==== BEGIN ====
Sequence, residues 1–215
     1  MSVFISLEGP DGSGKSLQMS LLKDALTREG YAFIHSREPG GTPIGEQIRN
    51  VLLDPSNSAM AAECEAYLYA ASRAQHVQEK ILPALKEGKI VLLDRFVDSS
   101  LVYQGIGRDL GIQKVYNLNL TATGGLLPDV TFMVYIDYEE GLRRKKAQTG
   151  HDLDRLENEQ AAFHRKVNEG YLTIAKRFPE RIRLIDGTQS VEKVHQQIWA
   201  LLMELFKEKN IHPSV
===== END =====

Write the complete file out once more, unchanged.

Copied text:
Sequence, residues 1–215
     1  MSVFISLEGP DGSGKSLQMS LLKDALTREG YAFIHSREPG GTPIGEQIRN
    51  VLLDPSNSAM AAECEAYLYA ASRAQHVQEK ILPALKEGKI VLLDRFVDSS
   101  LVYQGIGRDL GIQKVYNLNL TATGGLLPDV TFMVYIDYEE GLRRKKAQTG
   151  HDLDRLENEQ AAFHRKVNEG YLTIAKRFPE RIRLIDGTQS VEKVHQQIWA
   201  LLMELFKEKN IHPSV